Gender and Jewish History
Edited by Marion A. Kaplan and Deborah Dash Moore
Indiana University Press, 428 pages, $27.95
Imagine sitting down for delicious tapas at a long table with a group of old friends. The flavors are nuanced and varied, while the conversation is lively, provocative and deeply engaging. Reading “Gender and Jewish History,” edited by noted historians Marion A. Kaplan and Deborah Dash Moore, is a bit like that imagined leisurely meal. This important volume is dedicated to Paula Hyman, a pioneering and influential scholar in the fields of gender and modern Jewish history. She also served on the board of the Forward Association.
Hyman died in December 2011, after struggling with multiple bouts of recurrent breast cancer, but her generous presence, influence and legacy loom large throughout this book. On the book’s cover is a 1908 photo of her ancestors from Ukraine, and Kaplan and Moore’s lucid introduction is accompanied by Hyman’s photo, in which she’s smiling and looking relaxed. Many contributing authors’ essays conclude with heartfelt gratitude to the ways she influenced their intellectual interests and sustained decades-long personal friendships. The book concludes with an incisive afterword, written by Richard I. Cohen, about Hyman’s contributions to scholarly debates about modernity, Jewish identity and French Jewish history, plus a comprehensive bibliography of Hyman’s publications.
In their introduction, Kaplan and Moore describe how profoundly Hyman contributed to the emergence of gender as a central category of analysis in modern Jewish history. They contend that Hyman, along with her feminist scholar-activist peers, insisted that studying gender could fundamentally reframe basic assumptions about Jewish historical experiences. Not only could scholars uncover hidden and silenced stories of women but, by using gender analyses, they could also render more complex conceptions of Jewish agency and victimization, radical political change and the construction of identities over time and place.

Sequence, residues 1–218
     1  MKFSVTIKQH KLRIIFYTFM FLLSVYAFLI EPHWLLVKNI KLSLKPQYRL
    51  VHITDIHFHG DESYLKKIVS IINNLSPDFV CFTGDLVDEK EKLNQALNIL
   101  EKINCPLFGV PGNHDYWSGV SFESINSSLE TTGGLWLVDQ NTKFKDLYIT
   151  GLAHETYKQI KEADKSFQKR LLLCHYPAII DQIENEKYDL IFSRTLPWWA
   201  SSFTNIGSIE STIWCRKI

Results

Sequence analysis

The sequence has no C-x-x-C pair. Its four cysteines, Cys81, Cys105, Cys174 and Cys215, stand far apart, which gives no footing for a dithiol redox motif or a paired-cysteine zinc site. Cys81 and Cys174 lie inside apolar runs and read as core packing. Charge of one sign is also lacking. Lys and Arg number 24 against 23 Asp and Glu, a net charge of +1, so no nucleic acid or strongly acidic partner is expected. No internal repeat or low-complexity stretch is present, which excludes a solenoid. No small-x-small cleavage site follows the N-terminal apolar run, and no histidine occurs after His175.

The book is organized into three sections. The first section, “Women’s Culture in Modern Jewish History,” explores the roles and constraints of women in the 19th and 20th centuries, with a focus on changes in gender politics among Eastern European and German-Jewish communities. Using Virginia Woolf’s argument about a woman’s need for a “room of one’s own” as a departure, Shulamit Magnus considers the life, work, motives and constraints of Pauline Wengeroff (1833–1916), who produced her first and highly successful memoirs in 1908. Magnus extends Woolf’s argument by demonstrating, through Wengeroff’s life and writing, that Jewish women have also needed imagined and actual audiences, cultural support and encouragement.
Rebecca Kobrin’s essay, “The Murdered Hebrew Maidservant of East New York: Gender, Class, and the Jewish Household in Eastern Europe and Its Diaspora,” begins with a lurid account of a murdered young Jewish woman in Brooklyn. Kobrin’s piece then swiftly turns to a critical analysis of an understudied topic: the unequal and often exploitative relationships among impoverished Jewish domestic workers and their middle-class Jewish employers. Magnus’s and Kobrin’s essays demonstrate how profoundly socioeconomic class and gender shaped the arc of women’s lives in late 19th-century Jewish culture. They also point out how women’s opportunities and constraints have influenced Jewish collective memory.